They are extremely challenging, but if you are determined, you can figure out what motivates them and convince them it was their idea to do whatever you've asked of them. I would compare it to living with a precocious toddler. You can teach them absolutely anything if you figure out how to explain what you want, but don't expect them to "sit" just because you ask them to.
It is an effort to make sure they are well exercised (two-mile jog or trip to the off leash dog park almost daily), and an effort to make sure you have them properly contained when you can't watch them. However, they do like to cuddle, and greet friends with enthusiasm.
We get a lot of attention out and about, as they are not a common breed. Many people are very interested in them when I tell them they can't bark, clean themselves like cats, and are often low-shed and low-allergy; however, I tell anybody who is interested to do a lot of research and meet some breeders first. This breed can be a real handful. However, if you enjoy challenges and the reward of earning the respect and love of a dog, this is a great breed.
~Carrie, owner of two Basenjis
Great escape artists
I fell in love with Basenjis when I saw "Good-bye, My Lady" as a little girl. My experience has proven them to be just as clever and sweet as that little Basenji. They have been listed as near the bottom in intelligence when compared to other dogs, but that is probably because they are quite independent, as they probably needed to be when in the jungles of Africa.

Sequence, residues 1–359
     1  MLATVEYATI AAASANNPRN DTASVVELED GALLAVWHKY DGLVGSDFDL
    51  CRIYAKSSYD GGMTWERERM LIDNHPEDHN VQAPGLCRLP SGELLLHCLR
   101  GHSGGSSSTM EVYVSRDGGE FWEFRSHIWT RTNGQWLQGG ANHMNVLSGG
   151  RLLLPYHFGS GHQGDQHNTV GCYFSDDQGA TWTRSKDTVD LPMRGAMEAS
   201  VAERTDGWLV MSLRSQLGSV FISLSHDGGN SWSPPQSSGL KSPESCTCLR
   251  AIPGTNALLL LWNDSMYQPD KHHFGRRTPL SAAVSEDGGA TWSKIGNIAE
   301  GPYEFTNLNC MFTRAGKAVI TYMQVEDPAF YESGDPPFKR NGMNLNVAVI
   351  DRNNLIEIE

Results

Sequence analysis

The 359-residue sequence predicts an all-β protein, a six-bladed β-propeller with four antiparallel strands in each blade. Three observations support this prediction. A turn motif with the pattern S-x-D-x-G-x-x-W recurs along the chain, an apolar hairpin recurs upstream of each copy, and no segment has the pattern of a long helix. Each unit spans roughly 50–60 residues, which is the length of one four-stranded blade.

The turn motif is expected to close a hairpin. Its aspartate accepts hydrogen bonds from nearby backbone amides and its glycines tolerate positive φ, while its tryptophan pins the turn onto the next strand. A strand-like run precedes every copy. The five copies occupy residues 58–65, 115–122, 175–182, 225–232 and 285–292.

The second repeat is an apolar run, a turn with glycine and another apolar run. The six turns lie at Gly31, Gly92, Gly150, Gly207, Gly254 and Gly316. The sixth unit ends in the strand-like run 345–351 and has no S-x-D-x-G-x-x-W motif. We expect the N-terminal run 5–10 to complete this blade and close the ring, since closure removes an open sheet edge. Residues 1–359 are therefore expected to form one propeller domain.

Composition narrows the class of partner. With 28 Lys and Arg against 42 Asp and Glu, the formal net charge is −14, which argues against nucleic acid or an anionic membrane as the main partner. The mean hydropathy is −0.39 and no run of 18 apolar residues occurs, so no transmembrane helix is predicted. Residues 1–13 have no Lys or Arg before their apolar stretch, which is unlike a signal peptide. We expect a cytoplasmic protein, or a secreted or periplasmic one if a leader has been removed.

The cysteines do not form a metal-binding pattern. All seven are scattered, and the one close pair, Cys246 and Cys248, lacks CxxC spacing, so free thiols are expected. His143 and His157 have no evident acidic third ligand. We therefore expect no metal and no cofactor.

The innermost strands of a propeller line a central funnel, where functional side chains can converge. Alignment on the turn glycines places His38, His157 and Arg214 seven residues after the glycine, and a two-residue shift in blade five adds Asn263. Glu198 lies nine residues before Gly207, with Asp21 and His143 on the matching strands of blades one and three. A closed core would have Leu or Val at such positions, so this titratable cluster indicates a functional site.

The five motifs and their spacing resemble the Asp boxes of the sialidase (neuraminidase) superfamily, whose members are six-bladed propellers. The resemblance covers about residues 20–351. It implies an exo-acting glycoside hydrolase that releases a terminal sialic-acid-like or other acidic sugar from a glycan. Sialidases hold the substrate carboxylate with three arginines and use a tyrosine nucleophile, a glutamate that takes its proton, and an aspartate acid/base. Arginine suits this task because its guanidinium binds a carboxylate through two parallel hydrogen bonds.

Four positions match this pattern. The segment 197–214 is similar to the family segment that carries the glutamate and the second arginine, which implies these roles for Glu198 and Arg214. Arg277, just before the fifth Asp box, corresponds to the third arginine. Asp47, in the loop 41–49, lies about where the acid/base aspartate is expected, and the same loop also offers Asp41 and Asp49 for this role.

They can be trained, but they need to see a reason -- even if it is just for their fun! Training takes patience and a sense of humor, because they don't take abuse or aggresive training tactics well. They are great escape artists,too. I have seen them get out of areas no other dog can figure out. They will go under, around, and over almost any enclosure.
My dogs keep themselves clean -- and when you come out of the shower, they will even try to lick you dry. They can be somewhat aloof to strangers, tolerant to friends of the family, and quite lovable to family. They get along with cats better than any other breed and do well with horses, also.
They are one of the few hounds that hunt with both sight and smell. They can be agile and are used in coursing because of their speed. They do love to run and hunt, which is what they have been bred for. Because of this, they cannot be trusted out of an enclosure or off a leash -- unless you have 500 acres!
~Joy N., owner of two Basenjis
Brave little house-trashers
I fell in love with Basenjis 13 years ago after our very dainty Cleopatra joined our family. Not only are Basenjis an elegant breed but they are a challenge. They talk back to you (barkless does not mean silent). They are consummate problem solvers, i.e. "How do I remove the toilet paper from the roll? In large bitesize clumps or grabbing the end and running for the back of the house?"
They are team players, i.e. Cleo telling Bomba, "You convince Mom and Dad you have an urgent need to go outside while I grab the steaks." But even when you wish to throttle them, they roll on their side and wave their paws in the air begging for a belly rub. How can you resist that?
They are brave. Little 16-pound Cleo stood up to a 60-pound Rottweiler. She lost that fight, but boy she was willing to give it her best shot. They are clean. I seldom need to bathe my Basenjis. And even though they are not the breed for everyone (really think twice or three times before bringing a Basenji into your family) how many people do YOU know who have one? Not many. I've dealt/lived with many different breeds, and the Basenji is truly my very favorite breed.
~Lori S., owner of Basenjis